David is a naturalist and conservationist, living on the Isle of Islay. David works as a warden of The Oa reserve, a 2,100-hectare nature reserve and working farm owned by the RSPB (Royal Society for the Protection of Birds).
The winter sun sits low in the January sky. A bright beam illuminates the sea before me, and a crisp intermittent breeze can be felt, reminding me it isn’t spring yet. In the water below, an otter moves through the glare, skirting the rock edge, where land meets water. With smooth and slinking movements, it soon vanishes out of sight.
To my left the haunting call of a great northern diver echoes across a small coastal bay, reminiscent of the wailing from an eerie spirit. The diver sits tight to the surface, peering its head under for a quick glimpse below. I watch as it sinks under surface, looking for molluscs and fish in the water. It does this time and time again. Occasionally, it brings something to the surface, in this case a crab. It removes the crab’s legs and pincers from the carapace, before swallowing it whole.
In front of me, harbour seals lounge and loll on the rocks above the gentle lapping tide, snorting and whining when the urge strikes them. Drifting past the seals arrives a raft of sea ducks, these are red-breasted mergansers. Like the diver, they submerge below the surface looking for fish and seizing them within their serrated bills. They quickly catch and swallow the fish once they return to the water’s surface. But they aren’t alone. Opportunistic herring gulls follow them and pillage them of their catch.
My feet are getting chilly. Wearing wellies and sitting still in a portable hide, winter’s cool grip is slowly sinking in. I’ve been in here for hours; watching, waiting, and observing. No sign of my quarry yet though, the camera is primed and ready for when and if the moment arises.
Life finds me on the Isle of Islay – Queen of the Hebrides. I am the warden of The Oa reserve, a 2,100-hectare nature reserve and working farm owned by the RSPB (Royal Society for the Protection of Birds). I’ll be honest, I can’t believe I’m here. I have a huge sense of imposter syndrome that follows me around like the devil on my back and a lead weight in my boots.
Scotland, to me, was always ‘the dream.’ To live and to work on the west coast had long been an aspiration of mine, and for the longest time I never knew quite how to achieve that. This place has forever held an allure and fascination in my heart. The friendly nature of the island communities, the rugged landscapes, beautiful coastlines, stunning waters and the jewel at the beating heart of it all, the wildlife. The amazing wildlife.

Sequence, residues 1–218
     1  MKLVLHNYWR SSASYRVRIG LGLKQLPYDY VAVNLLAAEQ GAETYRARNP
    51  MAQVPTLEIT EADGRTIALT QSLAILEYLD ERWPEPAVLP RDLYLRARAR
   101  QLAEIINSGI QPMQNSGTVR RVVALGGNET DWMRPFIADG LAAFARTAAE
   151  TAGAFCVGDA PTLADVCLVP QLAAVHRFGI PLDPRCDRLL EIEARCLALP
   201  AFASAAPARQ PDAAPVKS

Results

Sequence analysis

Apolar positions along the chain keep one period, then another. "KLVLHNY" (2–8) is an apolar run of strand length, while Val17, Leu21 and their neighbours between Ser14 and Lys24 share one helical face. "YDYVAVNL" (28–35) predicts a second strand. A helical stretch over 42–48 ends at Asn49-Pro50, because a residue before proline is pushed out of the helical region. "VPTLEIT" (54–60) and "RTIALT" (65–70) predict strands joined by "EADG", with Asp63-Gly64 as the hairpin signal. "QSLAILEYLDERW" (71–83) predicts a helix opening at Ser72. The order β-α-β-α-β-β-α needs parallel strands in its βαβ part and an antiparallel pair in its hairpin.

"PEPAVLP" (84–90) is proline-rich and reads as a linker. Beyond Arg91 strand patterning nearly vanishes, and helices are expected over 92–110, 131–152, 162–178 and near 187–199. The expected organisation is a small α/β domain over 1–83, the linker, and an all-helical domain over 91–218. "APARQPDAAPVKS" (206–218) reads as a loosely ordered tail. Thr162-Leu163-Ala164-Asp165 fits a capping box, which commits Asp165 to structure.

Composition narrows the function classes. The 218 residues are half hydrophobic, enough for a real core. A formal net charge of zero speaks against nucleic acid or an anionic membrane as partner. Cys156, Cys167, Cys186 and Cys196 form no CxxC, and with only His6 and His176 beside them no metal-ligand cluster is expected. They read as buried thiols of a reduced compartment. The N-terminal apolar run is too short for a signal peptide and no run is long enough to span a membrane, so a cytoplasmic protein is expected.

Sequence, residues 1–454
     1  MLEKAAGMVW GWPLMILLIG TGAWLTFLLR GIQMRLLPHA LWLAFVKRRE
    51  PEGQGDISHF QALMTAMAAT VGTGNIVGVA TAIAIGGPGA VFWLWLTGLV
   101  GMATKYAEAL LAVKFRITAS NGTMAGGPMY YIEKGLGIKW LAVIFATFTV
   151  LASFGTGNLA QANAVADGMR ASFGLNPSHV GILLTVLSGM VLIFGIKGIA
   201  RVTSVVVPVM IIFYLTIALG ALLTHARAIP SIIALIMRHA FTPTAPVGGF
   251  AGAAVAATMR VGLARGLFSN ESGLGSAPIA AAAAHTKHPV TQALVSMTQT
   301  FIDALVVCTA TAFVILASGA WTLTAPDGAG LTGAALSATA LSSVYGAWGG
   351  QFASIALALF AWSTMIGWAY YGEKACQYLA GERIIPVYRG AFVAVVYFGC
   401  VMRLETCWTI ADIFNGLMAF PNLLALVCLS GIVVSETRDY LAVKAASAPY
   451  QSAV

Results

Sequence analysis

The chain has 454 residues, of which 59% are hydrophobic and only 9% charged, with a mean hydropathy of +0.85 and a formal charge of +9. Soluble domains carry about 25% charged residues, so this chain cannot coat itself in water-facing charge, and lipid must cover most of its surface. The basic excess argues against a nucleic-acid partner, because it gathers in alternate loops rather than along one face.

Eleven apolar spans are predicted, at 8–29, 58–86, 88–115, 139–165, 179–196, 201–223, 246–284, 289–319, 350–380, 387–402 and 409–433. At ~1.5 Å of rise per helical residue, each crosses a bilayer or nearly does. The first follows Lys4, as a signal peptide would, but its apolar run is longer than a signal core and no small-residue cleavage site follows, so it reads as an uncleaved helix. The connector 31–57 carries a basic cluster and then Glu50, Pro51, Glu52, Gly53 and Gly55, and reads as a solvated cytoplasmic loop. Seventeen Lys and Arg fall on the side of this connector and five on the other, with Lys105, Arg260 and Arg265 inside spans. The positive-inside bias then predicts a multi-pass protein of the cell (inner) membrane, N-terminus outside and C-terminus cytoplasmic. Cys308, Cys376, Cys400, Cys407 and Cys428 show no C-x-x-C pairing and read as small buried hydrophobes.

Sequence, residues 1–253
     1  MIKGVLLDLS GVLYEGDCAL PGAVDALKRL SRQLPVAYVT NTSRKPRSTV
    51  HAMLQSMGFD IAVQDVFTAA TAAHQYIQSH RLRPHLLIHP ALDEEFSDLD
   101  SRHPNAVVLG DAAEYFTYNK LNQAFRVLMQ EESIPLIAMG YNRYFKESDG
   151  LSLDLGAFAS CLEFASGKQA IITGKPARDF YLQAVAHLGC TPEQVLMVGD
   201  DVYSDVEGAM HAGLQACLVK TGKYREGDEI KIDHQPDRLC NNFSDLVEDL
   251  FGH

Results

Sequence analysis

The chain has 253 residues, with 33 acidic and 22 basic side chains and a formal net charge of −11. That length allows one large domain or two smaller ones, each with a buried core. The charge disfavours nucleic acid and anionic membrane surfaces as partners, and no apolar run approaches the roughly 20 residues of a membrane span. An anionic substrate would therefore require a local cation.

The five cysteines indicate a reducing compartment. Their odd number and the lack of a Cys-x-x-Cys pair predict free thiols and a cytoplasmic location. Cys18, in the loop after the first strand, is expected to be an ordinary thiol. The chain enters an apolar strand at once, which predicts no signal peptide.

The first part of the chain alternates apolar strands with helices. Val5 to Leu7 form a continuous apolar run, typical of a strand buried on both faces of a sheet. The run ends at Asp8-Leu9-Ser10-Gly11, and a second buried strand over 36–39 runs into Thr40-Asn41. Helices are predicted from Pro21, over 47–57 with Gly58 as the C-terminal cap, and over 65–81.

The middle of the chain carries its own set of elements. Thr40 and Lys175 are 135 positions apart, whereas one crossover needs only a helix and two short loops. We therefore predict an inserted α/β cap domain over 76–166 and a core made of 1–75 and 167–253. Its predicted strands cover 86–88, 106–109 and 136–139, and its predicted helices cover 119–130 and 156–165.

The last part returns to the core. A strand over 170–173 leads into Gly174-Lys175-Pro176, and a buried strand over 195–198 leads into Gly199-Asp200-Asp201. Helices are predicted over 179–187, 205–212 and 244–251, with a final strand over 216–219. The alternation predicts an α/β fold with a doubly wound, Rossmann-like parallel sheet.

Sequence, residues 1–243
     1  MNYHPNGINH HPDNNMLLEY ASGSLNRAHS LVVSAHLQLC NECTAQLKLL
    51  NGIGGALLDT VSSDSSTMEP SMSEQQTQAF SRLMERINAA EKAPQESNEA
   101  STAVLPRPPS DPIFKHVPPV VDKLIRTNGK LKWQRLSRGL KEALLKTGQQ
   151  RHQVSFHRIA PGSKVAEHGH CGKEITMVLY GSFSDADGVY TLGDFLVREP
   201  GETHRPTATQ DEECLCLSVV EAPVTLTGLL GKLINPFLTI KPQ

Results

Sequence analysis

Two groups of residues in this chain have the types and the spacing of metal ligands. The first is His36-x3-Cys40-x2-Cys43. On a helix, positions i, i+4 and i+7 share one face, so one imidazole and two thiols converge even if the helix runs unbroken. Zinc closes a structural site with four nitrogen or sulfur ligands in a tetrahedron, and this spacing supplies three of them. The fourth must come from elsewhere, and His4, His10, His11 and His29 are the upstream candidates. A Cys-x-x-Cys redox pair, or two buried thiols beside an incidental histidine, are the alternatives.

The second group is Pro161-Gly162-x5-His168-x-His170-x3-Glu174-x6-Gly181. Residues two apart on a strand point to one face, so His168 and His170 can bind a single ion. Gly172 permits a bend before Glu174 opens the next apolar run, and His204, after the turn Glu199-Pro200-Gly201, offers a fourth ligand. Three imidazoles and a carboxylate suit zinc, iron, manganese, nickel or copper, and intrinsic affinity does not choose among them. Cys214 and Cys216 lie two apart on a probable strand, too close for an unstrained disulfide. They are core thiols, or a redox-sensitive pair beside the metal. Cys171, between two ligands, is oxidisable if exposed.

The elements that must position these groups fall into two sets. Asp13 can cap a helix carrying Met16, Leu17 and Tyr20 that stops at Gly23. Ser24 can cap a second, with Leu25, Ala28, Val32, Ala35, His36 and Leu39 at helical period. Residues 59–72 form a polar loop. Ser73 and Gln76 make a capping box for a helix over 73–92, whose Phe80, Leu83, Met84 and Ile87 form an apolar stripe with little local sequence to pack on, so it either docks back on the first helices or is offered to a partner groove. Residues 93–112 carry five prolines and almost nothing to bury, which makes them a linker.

You really don’t have to travel to far off foreign lands for some spectacular species and remarkable encounters. In my opinion, Scotland’s wildlife is the absolute apex of British nature. From the mighty golden eagle and the majestic red deer, to the mysterious basking shark and charming otter.
So here I am. Living and working on the west coast of Scotland in a dream job role. I feel serene, content, even blessed. But let me assure you – things weren’t always this way.
My school life never really amounted to much, and I left with little more then I took with me to begin with. I didn’t go on to higher education and my early working life was sloppy at best.
Much of this was due to my disinterest in the work I was doing. Put simply, I was just going through the motions. Living day to day, week to week, pay packet to pay packet. I worked in factories, shops, warehouses, a vehicle refurbishment garage, and even a castle.
Don’t get me wrong, some of these jobs weren’t terrible, and I met some interesting folk within them. They certainly brought me out of my shell and forced me to live beyond the boundary of my comfort zone. I appreciated all of that, but I was unsettled and uninspired.
My dilemma was, I never knew how to channel my interest and passion for nature into a paying job.
Wildlife and nature had always been a part of my growing up. It may have waned a tad during my formative late teenage years; but it was always there in the background. I remember my childhood with a great fondness. My grandad Bill would often take me and my younger sister rock pooling around the tidal pools of Rocky Island, in the small suburban village of Seaton Sluice. One of those true gems of a memory that stays with you forever, imprinting on your future.